Even though the hydration belt may have seemed excessive, it was the right choice for me to wear it. I had one bottle of GU Brew and one bottle of water. I also ate one Clif Blok almost every mile and hoped that would be enough. I didn’t eat anything other than a couple Bloks between the warm up and the race because I thought it would be risky for my stomach. It was a relief knowing that I had plenty to drink whenever I needed it. Brooksie was similarly hot and humid a couple years ago and one bottle hadn’t been enough for me. I kept grabbing water along the course in addition to drinking from my bottle that year, but I was too thirsty and had a rough time. I think it really helped this time that I stayed hydrated enough.
Still, it got rough at times simply because course is difficult and the conditions didn’t help. The first half of the course is downhill or flat for the most part and the major rolling hills come in the second half. I’m very familiar with the course yet the first steep hill that comes around seven miles into the race felt so much harder than all of the other times I’ve run it this summer. There are plenty of times when I thought about how walking would probably be nice but I didn’t do it. Instead, I just felt like I was slowly trudging along at times. It was a grind so it was helpful to see the spectators along the way. I thought it was funny that right after I had thoughts of getting pizza for dinner I happened to pass spectators holding signs about running for a purpose with little pizza guys all over. There were several bands/musicians along the course and some enthusiastic aid stations as well. A marching band was there to give us an extra boost up that first bad hill. The students who line both sides of the street in front of Adams High School are always extra loud and awesome. With my name printed on my bib, it was fun to hear people shout my name and encourage me. One familiar face did that when I had a mile or two to go. Early in the race I had noticed a spectator who had been a DJ on the radio station 89X. When I saw him again later, he called my name since it was on my bib and told me I was doing great. I think I threw him for a loop when I responded, “Thanks Cal!” He and his friends laughed and that helped boost my spirits as well.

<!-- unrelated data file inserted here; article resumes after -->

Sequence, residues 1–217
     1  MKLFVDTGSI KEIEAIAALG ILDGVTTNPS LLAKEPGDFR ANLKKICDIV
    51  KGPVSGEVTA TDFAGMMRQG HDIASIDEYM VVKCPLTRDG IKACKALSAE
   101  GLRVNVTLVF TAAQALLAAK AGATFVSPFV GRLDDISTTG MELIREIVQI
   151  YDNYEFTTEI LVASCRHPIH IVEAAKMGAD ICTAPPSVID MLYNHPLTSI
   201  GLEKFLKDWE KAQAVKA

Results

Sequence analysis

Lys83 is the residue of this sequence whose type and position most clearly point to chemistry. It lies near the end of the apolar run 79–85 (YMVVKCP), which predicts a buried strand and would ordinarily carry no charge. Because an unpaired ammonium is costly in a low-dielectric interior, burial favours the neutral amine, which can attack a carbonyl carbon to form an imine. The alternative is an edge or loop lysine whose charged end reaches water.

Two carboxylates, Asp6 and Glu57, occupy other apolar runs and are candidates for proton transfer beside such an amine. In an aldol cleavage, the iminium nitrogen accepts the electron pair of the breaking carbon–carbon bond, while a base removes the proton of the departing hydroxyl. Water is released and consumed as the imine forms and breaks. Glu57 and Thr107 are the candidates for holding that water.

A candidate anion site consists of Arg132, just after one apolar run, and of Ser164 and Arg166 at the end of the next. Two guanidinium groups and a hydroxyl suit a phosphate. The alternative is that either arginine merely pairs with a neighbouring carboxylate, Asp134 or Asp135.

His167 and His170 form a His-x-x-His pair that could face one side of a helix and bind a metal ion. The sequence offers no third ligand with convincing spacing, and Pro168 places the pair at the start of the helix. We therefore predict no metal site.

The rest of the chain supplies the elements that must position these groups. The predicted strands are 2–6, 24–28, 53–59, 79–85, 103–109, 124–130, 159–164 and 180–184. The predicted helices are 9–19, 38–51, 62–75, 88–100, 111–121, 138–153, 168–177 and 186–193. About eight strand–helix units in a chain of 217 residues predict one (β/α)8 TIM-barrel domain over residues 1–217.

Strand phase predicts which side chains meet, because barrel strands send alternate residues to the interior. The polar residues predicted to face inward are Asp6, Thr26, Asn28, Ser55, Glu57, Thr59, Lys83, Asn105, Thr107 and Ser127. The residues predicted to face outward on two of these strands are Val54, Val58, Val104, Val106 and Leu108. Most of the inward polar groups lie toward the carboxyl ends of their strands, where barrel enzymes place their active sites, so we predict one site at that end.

I didn’t really have it in me to pick up the pace for the last few miles like I usually try to do, but I did end up finishing fairly strong. That last uphill climb to the finish didn’t make it easy though!
I finished in 1:50:25, which was about two and a half minutes slower than my previous slowest Brooksie time. I typically don’t run seven miles prior to the race though! I managed to run an 8:26 average on a challenging course in difficult conditions to wrap up 20 miles, so I was plenty happy with my results.
I collected water, chips, a Rice Krispies Treat, and a granola bar then found one of my Chevy running buddies. Since the post-race snacks are fairly minimal considering the distance we just ran, I’m thankful that I’ve always had access to the corporate team tent with catered food. Runners from all of the different corporate teams join together there and it’s fun to catch up with people after the race and hear how it went. There was salad, pasta, mac and cheese, bread, and beer. That was much more filling than my other post-race snacks.
Sometimes I question why I choose to continually return to a course that can be so difficult, but I love this race. It’s a community celebration with friends everywhere and sometimes the feeling of accomplishment is even greater when it’s so hard. It was fun to run alongside and chat with friends for brief moments during the race. Plenty of Chevy teammates were around and we often rooted for each other as we crossed paths during the race. I saw a woman I know from the gym cheering for people. I saw runners who I recognize from the trail out taking race photos. There was a friend handing out water at an aid station. I knew people all over the place which makes things fun even when it’s a struggle. When the weather has been nice and cool, I’ve actually had some pretty solid races at Brooksie. When the weather has been warm and humid, it seems to accentuate the difficultly of the course. I never know what I might get when I sign up, but I always have fun.